- Warwick Wroth, Catalogue of the Greek Coins of Galatia, Cappadocia, and Syria
- Barclay Head, Catalogue of the Greek Coins of Caria, Cos, Rhodes, &c.
I was surprised to find these catalogs on Amazon because they aren't on Elibron's website with the other BMC catalogs.
The British Museum catalogs, issued between 1873 and 1927, are the best catalog of Greek coins ever issued. There are 29 volumes including 10,688 pages and 952 plates. Somewhere I read that there are about 29,000 coins described (not all are illustrated.) There are a few flaws. Most bronze coins don't have their weight recorded. The sizes and weights are given in inches and grains rather than mm and grams. For some series the best-guess dates have changed.
The benefit of these books is that your coin is likely to be in them especially if it is rare and nowhere else. There is also text that often explains the dating.
Originals have Autotype plates. These are amazing. Autotype was a photographic printing process. The plates look like photographs. It was very laborious and I read somewhere that the exact formula for doing it was lost during WWII. Originals tend cost about $200 for problem copies. Most people know of the Forni reprints which are still available from the publisher but expensive with the high Euro.
Elibron has reprinted about half of the catalogs in paperback. The print quality is as good as the Forni reprints. The problem is the size. No one told the Elibron people to keep the plates the original size. They've been reduced about 10%. The two volumes I received yesterday even included the maps (in color!) but they were reduced from a fold-out to a tiny half page and illegible.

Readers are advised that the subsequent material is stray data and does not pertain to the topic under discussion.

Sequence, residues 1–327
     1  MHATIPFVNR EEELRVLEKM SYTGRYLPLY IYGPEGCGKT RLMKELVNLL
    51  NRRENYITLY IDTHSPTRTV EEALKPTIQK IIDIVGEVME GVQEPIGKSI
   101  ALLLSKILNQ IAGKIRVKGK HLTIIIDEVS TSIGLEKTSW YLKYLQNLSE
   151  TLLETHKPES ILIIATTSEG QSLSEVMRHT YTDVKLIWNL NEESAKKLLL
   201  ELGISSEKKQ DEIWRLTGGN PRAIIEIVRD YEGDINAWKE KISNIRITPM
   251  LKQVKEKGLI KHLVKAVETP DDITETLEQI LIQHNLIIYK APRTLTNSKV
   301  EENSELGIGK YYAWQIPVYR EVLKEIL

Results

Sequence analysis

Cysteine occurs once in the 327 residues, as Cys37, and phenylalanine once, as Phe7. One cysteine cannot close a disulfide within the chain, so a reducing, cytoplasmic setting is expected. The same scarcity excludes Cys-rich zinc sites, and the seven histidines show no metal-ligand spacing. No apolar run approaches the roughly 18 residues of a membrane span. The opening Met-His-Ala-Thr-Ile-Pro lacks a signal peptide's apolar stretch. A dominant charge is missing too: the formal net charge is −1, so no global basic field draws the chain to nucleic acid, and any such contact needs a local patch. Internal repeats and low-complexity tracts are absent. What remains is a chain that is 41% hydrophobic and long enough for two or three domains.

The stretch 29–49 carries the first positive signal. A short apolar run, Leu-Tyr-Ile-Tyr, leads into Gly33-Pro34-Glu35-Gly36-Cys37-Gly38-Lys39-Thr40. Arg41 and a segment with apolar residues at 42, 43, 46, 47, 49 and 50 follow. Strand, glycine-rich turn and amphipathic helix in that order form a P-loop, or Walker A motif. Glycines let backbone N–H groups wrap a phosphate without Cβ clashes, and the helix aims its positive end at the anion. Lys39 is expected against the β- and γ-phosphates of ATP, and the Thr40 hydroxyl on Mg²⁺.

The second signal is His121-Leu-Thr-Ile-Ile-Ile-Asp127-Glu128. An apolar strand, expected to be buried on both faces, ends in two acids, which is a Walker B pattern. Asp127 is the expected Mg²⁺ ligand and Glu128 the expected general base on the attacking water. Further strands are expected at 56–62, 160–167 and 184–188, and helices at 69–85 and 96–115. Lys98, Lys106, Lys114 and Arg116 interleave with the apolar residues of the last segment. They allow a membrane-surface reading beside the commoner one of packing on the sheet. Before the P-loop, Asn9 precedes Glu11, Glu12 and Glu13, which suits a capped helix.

The benefit to the Elibron editions is the price: about $25 each versus about $100 for the Forni hardcovers. I highly recommend Elibron's reprints. The Forni reprints are worth the $100, but with 29 volumes it adds up quickly. A library with 29 new-looking Fornis looks a lot more dignified than my motley assortment of broken-spined originals, '60s Fornis, and Elibron paperbacks with various covers.
Many but not all of the volumes are also available on Google Books.
Readers looking for cheap BMC reprints will encounter paperbacks with a yellow border printed by Kessinger. I have not seen these but I would avoid them because Kessinger's reprints are often miserable. Their Guide to the Principal Gold and Silver Coins of the Ancients From Circa BC 700 to AD 1 is the worst numismatic reprint I've seen. It's even worse than my Indian reprint of the BM catalogue Greek and Scythic Kings of Bactria and India.